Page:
Ask just about anyone if, after taking a personality test, they would score radically different than their spouse or significant other and the answer will overwhelmingly be “yes!”. As the cliché goes, opposites attract.
However, when I ask DISC training participants if they are as attracted to their opposites at work as much as they in their personal lives the answer is inevitably: Not a chance.
What accounts for this difference in approach? Why are we attracted to our opposite in our personal relationships but wary of our opposite in professional relationships?
Here’s one answer: Opposites attract when you’re in a good mood. When you are in a happy place, opposites are fascinating. We appreciate differences when they add richness and diversity to our lives. During the dating and infatuation phase of a personal relationship we revel in differences: “He likes chocolate, I like vanilla. We complete each other!”
But eventually the slayer of “all that is opposite is good” appears, either gradually or in a flash. Now we are repelled by our opposite for one simple reason: STRESS. When we’re under duress opposites no longer attract, they attack. In personal relationships it’s only a matter of time before stress challenges the strength of a couple’s commitment to each other. Each DISC style has a very different way of dealing and expressing their stress. And because the early-relationship infatuation phase is so strong, the first fight or stress-event often comes as a shock to both sides.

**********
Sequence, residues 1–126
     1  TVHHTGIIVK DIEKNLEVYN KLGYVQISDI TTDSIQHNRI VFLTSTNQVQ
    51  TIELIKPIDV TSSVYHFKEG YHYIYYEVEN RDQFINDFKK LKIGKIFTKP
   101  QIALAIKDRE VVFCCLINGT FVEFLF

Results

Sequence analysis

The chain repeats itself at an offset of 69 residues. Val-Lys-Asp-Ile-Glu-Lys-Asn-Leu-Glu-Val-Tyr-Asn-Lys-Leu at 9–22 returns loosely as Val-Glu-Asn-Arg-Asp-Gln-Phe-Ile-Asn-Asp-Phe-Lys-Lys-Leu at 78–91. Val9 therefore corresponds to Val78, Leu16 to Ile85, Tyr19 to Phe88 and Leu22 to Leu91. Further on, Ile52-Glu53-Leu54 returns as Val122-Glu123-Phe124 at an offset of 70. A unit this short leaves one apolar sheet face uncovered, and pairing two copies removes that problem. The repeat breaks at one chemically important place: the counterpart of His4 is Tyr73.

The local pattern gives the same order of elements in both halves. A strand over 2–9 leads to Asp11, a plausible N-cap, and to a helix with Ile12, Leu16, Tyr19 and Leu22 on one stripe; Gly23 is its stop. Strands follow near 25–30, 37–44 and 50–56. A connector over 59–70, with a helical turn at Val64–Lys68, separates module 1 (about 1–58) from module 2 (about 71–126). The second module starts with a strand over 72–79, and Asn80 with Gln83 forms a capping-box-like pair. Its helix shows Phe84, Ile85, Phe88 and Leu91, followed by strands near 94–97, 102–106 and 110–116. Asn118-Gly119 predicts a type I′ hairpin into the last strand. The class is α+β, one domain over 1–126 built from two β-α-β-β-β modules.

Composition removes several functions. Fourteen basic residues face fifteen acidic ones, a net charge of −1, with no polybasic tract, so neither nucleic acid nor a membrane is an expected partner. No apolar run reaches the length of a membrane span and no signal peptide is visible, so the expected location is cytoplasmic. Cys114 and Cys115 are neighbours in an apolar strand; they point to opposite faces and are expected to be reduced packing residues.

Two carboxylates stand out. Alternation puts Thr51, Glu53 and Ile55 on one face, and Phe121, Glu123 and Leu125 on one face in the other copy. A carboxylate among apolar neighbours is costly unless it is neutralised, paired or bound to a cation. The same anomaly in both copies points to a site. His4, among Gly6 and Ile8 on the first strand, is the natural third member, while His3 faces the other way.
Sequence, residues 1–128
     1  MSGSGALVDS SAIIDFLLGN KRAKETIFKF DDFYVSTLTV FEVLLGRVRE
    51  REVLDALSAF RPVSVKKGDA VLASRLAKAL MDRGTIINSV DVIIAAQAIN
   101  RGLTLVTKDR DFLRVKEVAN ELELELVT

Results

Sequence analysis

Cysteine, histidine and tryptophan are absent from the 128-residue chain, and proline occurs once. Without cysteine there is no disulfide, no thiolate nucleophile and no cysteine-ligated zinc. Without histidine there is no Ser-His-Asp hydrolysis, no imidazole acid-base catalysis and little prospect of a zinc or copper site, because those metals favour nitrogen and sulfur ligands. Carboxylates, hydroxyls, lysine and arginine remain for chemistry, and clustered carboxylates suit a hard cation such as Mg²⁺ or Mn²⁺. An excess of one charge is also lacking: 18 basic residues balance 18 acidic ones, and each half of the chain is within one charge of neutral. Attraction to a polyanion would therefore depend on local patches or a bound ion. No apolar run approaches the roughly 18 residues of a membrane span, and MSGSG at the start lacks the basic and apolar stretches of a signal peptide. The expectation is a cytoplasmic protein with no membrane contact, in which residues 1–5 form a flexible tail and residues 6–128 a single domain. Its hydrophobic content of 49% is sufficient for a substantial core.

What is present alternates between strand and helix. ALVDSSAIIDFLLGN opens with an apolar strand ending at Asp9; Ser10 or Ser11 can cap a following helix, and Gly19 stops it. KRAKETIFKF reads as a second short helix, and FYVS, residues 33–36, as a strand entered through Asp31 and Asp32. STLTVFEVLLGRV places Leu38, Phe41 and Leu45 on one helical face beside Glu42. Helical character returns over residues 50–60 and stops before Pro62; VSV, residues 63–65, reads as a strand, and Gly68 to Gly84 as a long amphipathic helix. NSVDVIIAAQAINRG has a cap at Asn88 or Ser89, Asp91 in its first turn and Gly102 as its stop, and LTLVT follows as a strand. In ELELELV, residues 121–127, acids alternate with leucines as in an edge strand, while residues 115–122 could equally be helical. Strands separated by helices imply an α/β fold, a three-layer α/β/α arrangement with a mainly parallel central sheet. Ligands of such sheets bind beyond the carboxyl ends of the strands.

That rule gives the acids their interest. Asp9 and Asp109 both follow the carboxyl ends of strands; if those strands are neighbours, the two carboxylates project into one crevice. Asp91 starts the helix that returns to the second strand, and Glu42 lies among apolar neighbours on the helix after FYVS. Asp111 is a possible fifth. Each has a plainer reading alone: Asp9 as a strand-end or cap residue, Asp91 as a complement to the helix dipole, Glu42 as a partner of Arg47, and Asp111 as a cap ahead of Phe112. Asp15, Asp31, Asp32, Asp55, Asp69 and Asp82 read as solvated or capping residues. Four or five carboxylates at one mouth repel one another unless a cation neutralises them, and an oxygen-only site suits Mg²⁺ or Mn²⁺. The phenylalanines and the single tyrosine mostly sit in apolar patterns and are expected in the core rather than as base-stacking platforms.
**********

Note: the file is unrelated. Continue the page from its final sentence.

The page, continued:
At the office, by contrast, we anticipate that there will be stress. We know that there will be pressure to perform, to put in extra time, to work on difficult projects with people we would otherwise not choose to spend so much time with. The DISC system reveals many reasons why working closely with someone of the opposite style can be very challenging. For example, she focuses on perfecting systems while you want to plow ahead before an opportunity is lost. Trouble ensues.
So, the next time you feel the pull of opposites attract, think about how that person’s DISC profile will affect both of you when stress appears. This will give you time to prepare and handle difficult situations with skill and care.
Daniel Silvert, is a sought-after facilitator, executive coach, and speaker. As the VP of Learning & Development for Team Builders Plus, Daniel designs and leads training programs at every level on teamwork, accountability, and transformational change. Daniel is the co-author of Taking Flight!: Master the Four Behavioral Styles and Transform Your Career, Your Relationships…Your Life.
Tue, April 17, 2012
by Daniel Silvert filed under